Also, it seems once again this one was caused by some retard firebug deciding to light the hills on fire. Due to the deaths of the two firemen earlier in the week, it's now a homicide investigation. When they catch the guy, they should hang him by his balls.

       
I have to admit that I'm mildly impressed with the fact that the radar picked up the smoke like that. We tend to take it for granted, but the technology involved in even just weather forecating has really come a long way.

Yeah, I've been hearing that this one was arson too. Realistically, I don't think they do the death penalty, even in California, for manslaughter or arson, and that's the most probable charges they could pin on whoever started this one since the person's lawyer is certainly going to point out the obvious that even if (s)he's guilty (s)he couldn't have known that anyone would get killed by it and therefore it doesn't qualify as premeditated or even necessarily an intended/desired outcome. In fact, it may well end up being a case of someone claiming they thought they were helping the forestry department out since a fire in that area was overdue and needed for the health of the forest. I know I'd try something like that as a defense if it were me. Not much they can do to get out of the fact that the two firefighters died unless they can prove negligence by the firefighters, but also not very likely to get a death penalty from it either, let alone by hanging from their balls... assuming they're male and have 'em to hang from. ;)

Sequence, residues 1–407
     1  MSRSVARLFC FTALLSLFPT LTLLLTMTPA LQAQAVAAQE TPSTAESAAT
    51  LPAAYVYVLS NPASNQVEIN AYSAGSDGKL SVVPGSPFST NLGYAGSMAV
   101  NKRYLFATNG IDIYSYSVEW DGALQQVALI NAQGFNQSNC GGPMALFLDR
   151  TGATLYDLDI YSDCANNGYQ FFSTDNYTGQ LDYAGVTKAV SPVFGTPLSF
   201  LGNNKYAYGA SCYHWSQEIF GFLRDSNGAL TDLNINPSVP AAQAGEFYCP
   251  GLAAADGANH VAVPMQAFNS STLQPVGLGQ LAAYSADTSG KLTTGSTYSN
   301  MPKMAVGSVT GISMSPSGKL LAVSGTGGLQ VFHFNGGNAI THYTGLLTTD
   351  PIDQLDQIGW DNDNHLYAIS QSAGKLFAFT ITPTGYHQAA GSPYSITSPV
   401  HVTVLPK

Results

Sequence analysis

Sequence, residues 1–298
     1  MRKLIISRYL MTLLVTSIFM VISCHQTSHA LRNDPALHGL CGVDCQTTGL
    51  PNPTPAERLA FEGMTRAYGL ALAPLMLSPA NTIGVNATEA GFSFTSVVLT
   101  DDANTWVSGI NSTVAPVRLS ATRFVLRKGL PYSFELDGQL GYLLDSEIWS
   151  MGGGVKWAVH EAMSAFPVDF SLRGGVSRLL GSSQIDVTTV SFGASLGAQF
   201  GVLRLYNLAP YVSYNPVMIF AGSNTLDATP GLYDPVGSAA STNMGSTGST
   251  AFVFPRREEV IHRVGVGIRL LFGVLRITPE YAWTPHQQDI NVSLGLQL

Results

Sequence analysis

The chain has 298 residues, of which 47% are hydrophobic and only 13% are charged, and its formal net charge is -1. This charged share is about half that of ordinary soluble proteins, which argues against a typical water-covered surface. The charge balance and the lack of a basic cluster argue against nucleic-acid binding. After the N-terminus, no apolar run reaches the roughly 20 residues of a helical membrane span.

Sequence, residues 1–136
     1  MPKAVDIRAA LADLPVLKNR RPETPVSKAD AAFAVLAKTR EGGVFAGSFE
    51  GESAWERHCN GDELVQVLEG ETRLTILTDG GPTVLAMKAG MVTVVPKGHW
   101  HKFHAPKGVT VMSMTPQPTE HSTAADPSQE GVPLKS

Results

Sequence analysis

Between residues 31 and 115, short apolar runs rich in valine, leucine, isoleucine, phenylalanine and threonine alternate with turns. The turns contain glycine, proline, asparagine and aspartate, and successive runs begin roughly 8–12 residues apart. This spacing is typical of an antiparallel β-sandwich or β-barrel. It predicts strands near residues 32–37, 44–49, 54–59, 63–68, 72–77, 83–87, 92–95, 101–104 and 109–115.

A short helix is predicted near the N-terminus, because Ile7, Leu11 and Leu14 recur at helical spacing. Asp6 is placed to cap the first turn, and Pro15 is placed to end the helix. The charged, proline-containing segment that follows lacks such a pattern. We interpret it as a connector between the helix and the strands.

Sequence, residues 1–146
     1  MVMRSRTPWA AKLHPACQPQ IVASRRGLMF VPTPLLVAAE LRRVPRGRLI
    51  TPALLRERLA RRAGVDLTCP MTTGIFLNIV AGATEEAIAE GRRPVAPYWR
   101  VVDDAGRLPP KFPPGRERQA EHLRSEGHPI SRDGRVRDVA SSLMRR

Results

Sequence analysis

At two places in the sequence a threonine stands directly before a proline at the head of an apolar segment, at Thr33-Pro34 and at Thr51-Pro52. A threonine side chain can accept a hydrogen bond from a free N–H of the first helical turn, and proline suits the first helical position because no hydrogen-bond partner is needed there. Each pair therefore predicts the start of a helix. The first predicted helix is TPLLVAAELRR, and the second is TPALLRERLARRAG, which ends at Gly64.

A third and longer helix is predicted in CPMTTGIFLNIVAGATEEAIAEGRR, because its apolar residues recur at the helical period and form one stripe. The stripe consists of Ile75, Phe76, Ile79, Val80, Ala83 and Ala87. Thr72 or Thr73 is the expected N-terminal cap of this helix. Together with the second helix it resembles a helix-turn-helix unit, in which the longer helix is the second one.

Yes, weather technology is quite impressive. Someone who didn't know better might assume that was a shot of thunderstorms over the area, and while we do have humidity, we have no storm activity. Kind of surprising, usually a large forest fire like this will suck up the moisture and generate pyrocumulus clouds that lead to thunderstorms.

Unfortunately for the bonehead who lit the fire, the felony murder rule will apply. Arson is a felony, and two people died as a direct result of criminal action. Even in liberal California, that's a death penalty case. The defense lawyer had better be a genius if they think the guy is getting away with this once caught.

       
If the only information I had at my disposal was that image, I agree, it does look like precipitation, too bad it isn't, that would probably help with fighting it.

Hmm, yes, arson is a felony, and I forgot about the felony murder rule. Still, bet the lawyer does at least try the defense of the firefighters screwed up and it's their own fault they died argument. After all, it doesn't look like there's a whole lot else for them to try. ...unless who ever pleads guilty to everything to begin with... course, that all assumes the state catches someone and they actually have proof to support the arrest.